by Steve Carney
Thankfully the weather has stabilized here in central Minnesota and it looks like things are back to normal as we enter the beginning of the largemouth and smallmouth bass season. A warm March led to a very cold and wet April meaning the bass spawn was somewhat delayed but as of this current date, things are back to normal.
I have noticed because of the bizarre spring, the native weeds along with the milfoil are retarded and not quite up to their normal levels. This may or may not make finding largemouth and smallmouth bass a problem.
Here are some thoughts as we head into the best bass fishing of the season – early spring.
Hard to say where they will be the first two weeks. I have not found bass in the numbers I usually do in May because they were not hanging with the shallow crappies like usual. They may have spawned and headed out to deep water or possibly made several trips in and out because of the weather conditions. Keep an open mind during this late-May early-June period.
I always recommend that anglers start super shallow in the early mornings and look for areas that have shaded banks – this means heading to the eastern or northern sides of your lake choice.
Try and make contact before the sun gets up above the trees. Many times that first hour can be gangbusters. Bass usually have a tendency to linger in these shaded areas for an hour or so most mornings.
Once the shallow bite has slowed, it’s time to head out to the first breakline. On many lakes this means the depths of eight to 12 feet where they have access to both shallow and deep water.
Chances are the bass will be using these medium range depths until we get a series of hot weather days which of course can change their location.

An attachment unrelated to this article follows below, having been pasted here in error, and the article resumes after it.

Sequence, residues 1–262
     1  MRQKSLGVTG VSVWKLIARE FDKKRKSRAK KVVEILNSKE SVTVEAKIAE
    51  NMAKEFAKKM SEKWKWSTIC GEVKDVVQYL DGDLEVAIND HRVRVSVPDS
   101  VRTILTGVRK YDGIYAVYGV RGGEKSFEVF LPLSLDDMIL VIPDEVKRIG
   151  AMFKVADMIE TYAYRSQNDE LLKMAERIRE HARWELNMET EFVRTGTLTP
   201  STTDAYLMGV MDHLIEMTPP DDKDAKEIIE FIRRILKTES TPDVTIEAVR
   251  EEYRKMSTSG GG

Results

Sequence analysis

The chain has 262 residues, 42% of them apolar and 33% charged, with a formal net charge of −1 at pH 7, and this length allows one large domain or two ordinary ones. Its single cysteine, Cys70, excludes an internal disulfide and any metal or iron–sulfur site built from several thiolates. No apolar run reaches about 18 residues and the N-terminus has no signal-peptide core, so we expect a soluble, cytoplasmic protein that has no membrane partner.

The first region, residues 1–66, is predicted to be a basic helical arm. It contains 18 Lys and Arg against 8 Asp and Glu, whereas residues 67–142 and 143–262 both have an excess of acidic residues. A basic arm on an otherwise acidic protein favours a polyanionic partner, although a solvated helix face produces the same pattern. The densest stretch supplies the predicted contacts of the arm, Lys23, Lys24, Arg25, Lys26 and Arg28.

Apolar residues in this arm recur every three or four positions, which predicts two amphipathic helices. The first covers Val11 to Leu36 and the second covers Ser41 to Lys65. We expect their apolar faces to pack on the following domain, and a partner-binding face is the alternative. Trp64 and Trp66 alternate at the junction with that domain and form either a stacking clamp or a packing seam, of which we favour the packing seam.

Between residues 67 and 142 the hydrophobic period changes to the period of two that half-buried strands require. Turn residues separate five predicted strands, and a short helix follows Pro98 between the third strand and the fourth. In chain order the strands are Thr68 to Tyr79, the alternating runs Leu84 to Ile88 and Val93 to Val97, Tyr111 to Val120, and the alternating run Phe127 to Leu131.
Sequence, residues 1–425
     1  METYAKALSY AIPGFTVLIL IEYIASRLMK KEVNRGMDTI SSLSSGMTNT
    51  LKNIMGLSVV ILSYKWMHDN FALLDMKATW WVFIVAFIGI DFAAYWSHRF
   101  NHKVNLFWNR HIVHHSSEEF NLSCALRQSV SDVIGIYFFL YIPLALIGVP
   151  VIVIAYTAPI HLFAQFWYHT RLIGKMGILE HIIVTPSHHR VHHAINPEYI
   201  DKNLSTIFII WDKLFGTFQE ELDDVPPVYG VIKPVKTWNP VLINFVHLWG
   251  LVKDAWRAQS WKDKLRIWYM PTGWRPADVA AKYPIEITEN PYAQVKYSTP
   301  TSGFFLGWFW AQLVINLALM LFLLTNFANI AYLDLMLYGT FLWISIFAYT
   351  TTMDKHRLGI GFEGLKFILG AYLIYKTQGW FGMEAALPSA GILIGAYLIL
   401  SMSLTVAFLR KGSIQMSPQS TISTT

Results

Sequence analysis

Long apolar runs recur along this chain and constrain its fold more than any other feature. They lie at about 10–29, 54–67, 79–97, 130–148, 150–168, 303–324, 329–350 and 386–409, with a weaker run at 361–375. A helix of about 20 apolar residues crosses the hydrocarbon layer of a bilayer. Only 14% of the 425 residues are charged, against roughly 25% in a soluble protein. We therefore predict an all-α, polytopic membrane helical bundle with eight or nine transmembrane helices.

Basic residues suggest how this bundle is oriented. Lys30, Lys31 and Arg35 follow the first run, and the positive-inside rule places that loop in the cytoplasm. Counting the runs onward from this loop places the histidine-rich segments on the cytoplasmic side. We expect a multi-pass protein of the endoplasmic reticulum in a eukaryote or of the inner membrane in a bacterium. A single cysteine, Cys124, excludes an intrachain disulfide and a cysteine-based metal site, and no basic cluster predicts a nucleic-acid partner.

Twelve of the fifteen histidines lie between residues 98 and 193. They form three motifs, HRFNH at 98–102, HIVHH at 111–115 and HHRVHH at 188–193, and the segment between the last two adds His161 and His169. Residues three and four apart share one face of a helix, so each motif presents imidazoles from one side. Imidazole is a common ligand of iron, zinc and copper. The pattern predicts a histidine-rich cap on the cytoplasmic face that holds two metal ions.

Weeds are key,
The milfoil situation on some lakes looks pretty normal as I have been catching walleyes along these milfoil weedlines for weeks. The bass are just as fond of these areas and they will be easy to fish into early summer as the milfoil lines become much more defined and thicker.
This is target fishing, which means pitching those baits right up against the milfoil “walls” and slowing retrieving back. Many times just pitching up and letting the bait lay idle works wonders as well.
I expect the native weeds (such as coontail and cabbage) to be slow in growing this spring, meaning it will be harder to find. Normally these native weeds are up high enough they can be spotted with dark glasses.
If you can find any sort of weed growth expect both baitfish and bass to be there. Bass are drawn to the native weeds by the baitfish presence as well as the cover overhead, leafy weeds provide.
I love fishing docks. My rule of thumb is to stay away from any docks that have shallow water in the vicinity.
The best docks have overhead canvas covers (providing shade) and always have deeper water underneath.
Docks can be good at all times of the season.
Once you spend some time on the water you will learn the good docks from the bad docks. When you find the perfect dock… watch out!
Steve Carney is a regular contributer to the Outdoors page